The Vogel Prize shares a reputation with the rest of the company’s products: nutritious, worthy, a little dull. But the prize’s earnest image is unfair. Any glance at the roll-call of winners over the last twenty-five years would show that the makers of soggy bread and soya cereals have done more than anyone to introduce fresh literary DNA into Australia’s tiny gene pool of published novelists. But reviewers, mostly, and the public, generally, don’t get excited when the new Vogel is published. This year they should. Julienne van Loon’s desperate joyride, Road Story, is the best Vogel winner to come along since 1990, when Gillian Mears’s The Mint Lawn, equally confident but very different, won first place.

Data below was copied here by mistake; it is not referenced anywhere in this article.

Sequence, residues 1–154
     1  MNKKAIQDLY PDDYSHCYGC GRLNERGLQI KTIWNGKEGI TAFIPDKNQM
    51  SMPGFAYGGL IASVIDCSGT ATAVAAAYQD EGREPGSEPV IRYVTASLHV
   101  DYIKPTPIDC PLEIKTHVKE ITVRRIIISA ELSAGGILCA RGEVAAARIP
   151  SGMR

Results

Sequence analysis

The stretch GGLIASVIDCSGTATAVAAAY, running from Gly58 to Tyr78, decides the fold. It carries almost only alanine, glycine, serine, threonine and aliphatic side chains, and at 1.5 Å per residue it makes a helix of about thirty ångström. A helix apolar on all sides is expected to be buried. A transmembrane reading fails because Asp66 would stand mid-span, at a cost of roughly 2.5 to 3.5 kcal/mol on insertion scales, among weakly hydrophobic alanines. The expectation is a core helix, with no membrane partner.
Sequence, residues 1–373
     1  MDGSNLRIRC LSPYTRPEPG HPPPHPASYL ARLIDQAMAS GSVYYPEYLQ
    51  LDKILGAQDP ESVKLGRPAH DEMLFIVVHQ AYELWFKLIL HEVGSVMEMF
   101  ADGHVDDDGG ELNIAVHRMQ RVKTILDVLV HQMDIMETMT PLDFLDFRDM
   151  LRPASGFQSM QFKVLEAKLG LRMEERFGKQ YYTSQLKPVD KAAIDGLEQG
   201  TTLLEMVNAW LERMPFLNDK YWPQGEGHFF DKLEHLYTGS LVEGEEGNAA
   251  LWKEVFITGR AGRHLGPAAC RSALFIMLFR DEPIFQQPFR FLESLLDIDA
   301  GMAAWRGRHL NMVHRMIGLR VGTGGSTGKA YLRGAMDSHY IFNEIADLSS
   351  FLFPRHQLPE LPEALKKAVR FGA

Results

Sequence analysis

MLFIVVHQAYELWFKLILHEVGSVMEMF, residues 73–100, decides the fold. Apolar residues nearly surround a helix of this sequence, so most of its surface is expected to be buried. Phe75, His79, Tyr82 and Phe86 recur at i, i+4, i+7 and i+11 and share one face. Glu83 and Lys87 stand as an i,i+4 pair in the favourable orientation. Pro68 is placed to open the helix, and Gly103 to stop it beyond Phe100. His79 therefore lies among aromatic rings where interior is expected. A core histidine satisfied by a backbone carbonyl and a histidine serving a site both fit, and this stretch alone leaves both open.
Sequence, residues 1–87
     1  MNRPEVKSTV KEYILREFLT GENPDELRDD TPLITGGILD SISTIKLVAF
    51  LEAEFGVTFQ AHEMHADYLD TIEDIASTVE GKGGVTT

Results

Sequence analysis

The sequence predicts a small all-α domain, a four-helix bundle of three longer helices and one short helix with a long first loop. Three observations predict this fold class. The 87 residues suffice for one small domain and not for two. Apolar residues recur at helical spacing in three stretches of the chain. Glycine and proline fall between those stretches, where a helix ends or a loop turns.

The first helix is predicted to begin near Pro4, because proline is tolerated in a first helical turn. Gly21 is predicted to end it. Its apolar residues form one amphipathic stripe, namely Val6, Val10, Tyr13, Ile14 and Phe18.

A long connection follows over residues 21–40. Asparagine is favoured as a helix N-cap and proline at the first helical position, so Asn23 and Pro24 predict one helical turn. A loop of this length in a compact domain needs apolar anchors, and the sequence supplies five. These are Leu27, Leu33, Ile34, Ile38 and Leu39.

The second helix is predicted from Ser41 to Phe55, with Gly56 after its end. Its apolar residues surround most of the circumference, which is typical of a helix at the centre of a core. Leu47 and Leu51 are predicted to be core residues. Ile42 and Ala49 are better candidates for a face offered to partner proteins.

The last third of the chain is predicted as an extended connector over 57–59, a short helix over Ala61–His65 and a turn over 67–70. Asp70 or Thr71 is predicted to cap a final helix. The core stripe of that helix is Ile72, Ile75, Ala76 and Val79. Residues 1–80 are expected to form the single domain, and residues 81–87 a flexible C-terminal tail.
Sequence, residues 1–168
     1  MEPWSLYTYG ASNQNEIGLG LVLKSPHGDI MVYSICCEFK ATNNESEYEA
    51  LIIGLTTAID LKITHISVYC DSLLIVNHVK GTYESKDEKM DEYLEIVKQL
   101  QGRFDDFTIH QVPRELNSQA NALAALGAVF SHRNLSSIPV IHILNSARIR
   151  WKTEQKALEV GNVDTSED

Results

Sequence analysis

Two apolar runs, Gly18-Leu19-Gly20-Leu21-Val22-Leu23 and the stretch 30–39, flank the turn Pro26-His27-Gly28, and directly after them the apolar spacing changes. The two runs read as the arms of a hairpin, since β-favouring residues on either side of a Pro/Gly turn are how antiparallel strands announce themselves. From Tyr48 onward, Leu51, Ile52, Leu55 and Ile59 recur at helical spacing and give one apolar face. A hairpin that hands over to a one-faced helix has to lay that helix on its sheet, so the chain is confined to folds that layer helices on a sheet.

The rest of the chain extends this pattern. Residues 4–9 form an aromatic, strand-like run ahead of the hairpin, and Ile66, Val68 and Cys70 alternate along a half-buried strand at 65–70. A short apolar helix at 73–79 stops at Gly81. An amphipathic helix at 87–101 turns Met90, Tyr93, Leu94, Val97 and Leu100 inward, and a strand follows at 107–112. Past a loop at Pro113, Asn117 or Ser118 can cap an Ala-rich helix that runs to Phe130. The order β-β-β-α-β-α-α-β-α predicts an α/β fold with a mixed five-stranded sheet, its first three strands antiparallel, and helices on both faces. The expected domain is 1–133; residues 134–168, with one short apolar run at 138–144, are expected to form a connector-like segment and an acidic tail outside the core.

Road Story has a ripper opening: a young woman, Diana Kooper, is running through a Sydney park, late at night, in the rain. Behind her, in a white Suzuki hatchback crumpled around a telephone pole, is the bleeding body of her best friend, wedged halfway through the broken windscreen. Diana runs all the way to Central Station, where she boards the first train. Then she hitchhikes through the out-west townships of her childhood until she stops at a remote roadhouse, where she takes a job warming rissoles and keeping the Cokes lined up at eye level in the fridge.